Thursday, April 17, 2008

Your Horse's Nutrition and Long Distance Horse Trailering - Part I

Your Horse's Nutrition and Long Distance Horse Trailering - Part I

Your Horse’s Nutrition and Long Distance Horse Trailering– Part I

As summer fast approaches, many will be hitting the roads and traveling long distances with their horses. Lengthy trailer rides can take a physical and mental toll on your horse. A good way to prepare him for this stress is to boost the nutritional value of his meals prior to your departure.

To learn more, we spoke with Dr. Juliet Getty, Ph.D., about measures to take that will improve a horse’s immune function, and protect the nervous system against stress before embarking on a long trip of 12 hours or more. Dr. Getty is an equine nutritionist who offers one-on-one consulting services for horse owners as well as a free online forum and a supplement store. For more information, visit Dr. Getty’s Web site at www.GettyEquineNutrition.com.

Dr. Getty advises that before any long trailer trips, it’s important to first assess your horse’s condition. Even healthy, fit horses that are accustomed to trailering long distances need help preparing for the rigors of travel. If your horse isn’t healthy, is aging, or is inexperienced with shipping, you need to address these issues well before it’s time to depart.

A balanced diet is essential to good health so before you begin supplementing for your long trip, you might want to review what your horse eats daily and make adjustments if necessary. Dr. Getty provided guidelines for what a balanced diet should include.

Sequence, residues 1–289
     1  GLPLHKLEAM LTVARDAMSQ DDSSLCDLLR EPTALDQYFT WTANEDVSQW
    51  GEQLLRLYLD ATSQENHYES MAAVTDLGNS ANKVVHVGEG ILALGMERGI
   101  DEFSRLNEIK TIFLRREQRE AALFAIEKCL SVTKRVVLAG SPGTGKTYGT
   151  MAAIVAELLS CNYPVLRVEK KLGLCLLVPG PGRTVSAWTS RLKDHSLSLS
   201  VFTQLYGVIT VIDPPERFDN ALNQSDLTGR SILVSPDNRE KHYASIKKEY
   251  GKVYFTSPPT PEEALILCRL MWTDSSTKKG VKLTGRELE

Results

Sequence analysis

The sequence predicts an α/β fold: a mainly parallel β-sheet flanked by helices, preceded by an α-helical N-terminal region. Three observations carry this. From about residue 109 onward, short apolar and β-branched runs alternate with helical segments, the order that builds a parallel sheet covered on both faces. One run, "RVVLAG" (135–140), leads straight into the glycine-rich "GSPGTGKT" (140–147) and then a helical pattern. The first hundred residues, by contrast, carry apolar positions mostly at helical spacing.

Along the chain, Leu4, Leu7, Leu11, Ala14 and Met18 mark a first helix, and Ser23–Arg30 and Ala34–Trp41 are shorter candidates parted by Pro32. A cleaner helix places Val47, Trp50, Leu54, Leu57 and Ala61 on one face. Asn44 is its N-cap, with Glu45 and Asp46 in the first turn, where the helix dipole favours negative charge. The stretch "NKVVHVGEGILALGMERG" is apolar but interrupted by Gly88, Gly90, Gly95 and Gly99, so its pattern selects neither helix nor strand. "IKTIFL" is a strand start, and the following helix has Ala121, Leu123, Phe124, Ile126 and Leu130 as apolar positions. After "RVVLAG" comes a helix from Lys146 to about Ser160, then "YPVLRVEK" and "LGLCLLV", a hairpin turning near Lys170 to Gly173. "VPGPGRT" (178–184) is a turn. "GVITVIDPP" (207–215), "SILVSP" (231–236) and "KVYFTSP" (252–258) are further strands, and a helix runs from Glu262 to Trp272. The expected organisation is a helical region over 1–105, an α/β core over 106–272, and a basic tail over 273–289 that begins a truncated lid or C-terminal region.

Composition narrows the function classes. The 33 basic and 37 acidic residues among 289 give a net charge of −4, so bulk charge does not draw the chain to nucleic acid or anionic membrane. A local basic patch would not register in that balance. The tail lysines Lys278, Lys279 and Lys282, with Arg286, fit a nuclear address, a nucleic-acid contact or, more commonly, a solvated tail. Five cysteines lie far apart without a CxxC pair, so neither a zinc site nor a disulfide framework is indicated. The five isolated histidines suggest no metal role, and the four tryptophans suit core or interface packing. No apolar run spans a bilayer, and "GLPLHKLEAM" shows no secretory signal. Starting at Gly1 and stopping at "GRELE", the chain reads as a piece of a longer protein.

• As much good-quality grass hay and/or pasture that your horse wants.
• For horses exercised regularly, feed a concentrated feed source to provide extra calories. Depending on the horse, you may or may not need to feed according to the manufacturer’s directions.
• A comprehensive vitamin/mineral supplement to fill in the gaps potentially not covered by the commercial feed.
• Additional Vitamin E if your horse’s diet is not already providing 1500 to 2000 IU per day. Be careful of Vitamin E supplements containing Selenium. Too much Selenium can be toxic. Review how much Selenium your horse gets from his overall diet; it shouldn’t be more than 3 mg per day. An equine nutritionist can help you with these calculations. If your horse already receives enough Selenium, be sure to supplement with pure Vitamin E, not a Vitamin E/Se combination.
• A commercial, stabilized flaxseed meal product if it’s not included in the commercial feed. Flaxseeds are high in omega-3 fatty acids, which boost immunity, reduce inflammation of joints and muscles, and help keep the coat and hooves healthy.
• Clean water free from algae, insects, and bird droppings. It should be available at all times.
• Additional salt if your horse doesn’t consume a 5 lb. salt block within two months. Add 2 tablespoons of plain, white, iodized table salt (the kind you buy at the grocery store) to his feed daily; in hot weather, increase to 4 tablespoons per day – but not all in one meal. This can replace any commercial electrolyte products you might be using.

Next week, we continue our interview with Dr. Getty. We’ll discuss when you should begin supplementing your horse’s daily ration in preparation for your trip, and what nutrients you should add to boost his immune function and protect his nervous system against stress, so watch for us in your inbox!

Double D Trailers, Inc.